I once had a go on an AJS (Villiers) trials bike. Couldn't understand why it kept changing down when I wanted to stop. LOL
Brian.

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Post Options Post Options   Thanks (0) Thanks(0)   Quote iansoady Quote  Post ReplyReply Direct Link To This Post Posted: 19 Aug 2018 at 15:17
Probably the best way of stopping it.......
Ian
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Post Options Post Options   Thanks (0) Thanks(0)   Quote Dave P. Quote  Post ReplyReply Direct Link To This Post Posted: 19 Aug 2018 at 15:17
I have always understood that the gear lever was placed on the left after decades of being on the right because that was where the Japanese manufacturers placed it on there then new designs. Because the USA was swamped with Japanese bikes back in the early seventies the American legislators decided that all motorcycles sold in the USA had to have a uniform layout. Thus, Harley Davidson had to comply and change their layout, as did any manufacturer from Europe who wished to sell their bikes in the states. Triumph, Norton and Moto Guzzi among others were forced to comply.Loop frame Guzzis were sold with the new layout in the USA and the traditional layout in Europe.
TO LIVE OUTSIDE THE LAW YOU MUST BE HONEST.

1971 V7 Special. 1972 850GT.
1970 T120 Bonnie. 2009 500 Bullet.
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Post Options Post Options   Thanks (0) Thanks(0)   Quote Loopian Quote  Post ReplyReply Direct Link To This Post Posted: 19 Aug 2018 at 16:00
For me who was weened on jap bikes clutch and gears on left and both brakes on the right seems the only logical way. When I got my 1971 v7 Special with the foot brake on the left although I could manage, when it came an emergency stop I automatically reverted to my old ways and on a loop you really need to use both brakes! I’ve since changed the brakes to right and gears to left and I’m now very happy.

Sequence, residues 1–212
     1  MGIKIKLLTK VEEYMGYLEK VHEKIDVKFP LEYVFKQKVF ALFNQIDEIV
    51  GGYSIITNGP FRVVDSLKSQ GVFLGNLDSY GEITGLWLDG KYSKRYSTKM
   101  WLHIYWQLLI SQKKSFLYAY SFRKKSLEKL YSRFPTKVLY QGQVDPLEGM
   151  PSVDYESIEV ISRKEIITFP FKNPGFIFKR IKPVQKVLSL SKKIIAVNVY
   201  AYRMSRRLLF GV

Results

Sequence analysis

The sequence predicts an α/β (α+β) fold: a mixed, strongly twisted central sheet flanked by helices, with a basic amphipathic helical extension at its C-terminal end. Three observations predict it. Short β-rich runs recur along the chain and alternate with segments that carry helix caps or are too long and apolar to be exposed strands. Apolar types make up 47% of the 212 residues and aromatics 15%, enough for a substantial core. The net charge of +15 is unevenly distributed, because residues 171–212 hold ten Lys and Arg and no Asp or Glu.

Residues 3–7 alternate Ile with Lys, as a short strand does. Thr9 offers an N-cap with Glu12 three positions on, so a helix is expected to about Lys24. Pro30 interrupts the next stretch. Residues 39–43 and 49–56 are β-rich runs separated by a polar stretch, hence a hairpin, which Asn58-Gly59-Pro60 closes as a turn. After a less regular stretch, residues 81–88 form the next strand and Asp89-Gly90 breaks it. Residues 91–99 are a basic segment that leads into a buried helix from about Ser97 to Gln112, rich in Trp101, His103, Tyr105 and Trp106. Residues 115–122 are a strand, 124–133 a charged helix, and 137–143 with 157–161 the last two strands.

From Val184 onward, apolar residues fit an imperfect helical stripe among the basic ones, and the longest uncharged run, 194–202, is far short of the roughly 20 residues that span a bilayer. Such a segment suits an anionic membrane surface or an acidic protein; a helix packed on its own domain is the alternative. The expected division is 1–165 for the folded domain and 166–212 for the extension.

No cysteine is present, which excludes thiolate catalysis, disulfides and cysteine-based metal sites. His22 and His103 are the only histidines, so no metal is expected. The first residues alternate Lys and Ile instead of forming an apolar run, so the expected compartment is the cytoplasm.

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Post Options Post Options   Thanks (0) Thanks(0)   Quote jefrs Quote  Post ReplyReply Direct Link To This Post Posted: 03 Sep 2018 at 12:19
Originally posted by Brian UK Brian UK wrote:

I was told the change to RH footbrake was because people couldn't differentiate between driving a car and riding a bike, so the right foot had to be used in both cases for the brake.

Just don't buy a bicycle in France where you will find the front and back brakes reversed. Obviously the EU hasn't got round to bicycle safety yet.


On push bikes, the right-rear left-front brake is called 'euro' and common throughout the continent.
In the UK that set up makes signalling a right turn a lot easier because one usually needs the a hand on the front brake whilst keeping one's hand out, or some idiot will try to overtake. 
I first encountered it in France and later swapped our push bikes over. 

I've driven automatic cars for the last 30+years, as do most americans. I left-foot brake, as do most americans. The big brake pedal on an automatic is for either or both feet. 
I'll left-foot brake a manual too, it's an advanced driving/race technique. 

Before the USA legislated for left foot gear change, only american bikes and BMW were left foot change at that time, HD had already switched over. In Germany even NSU were right change but had become extinct. Japanese bikes, having been right-change domestically quickly switched over. 
It was an american trade protectionist policy that forced the change over, no consideration was given to road safety or drivability, no studies were carried out.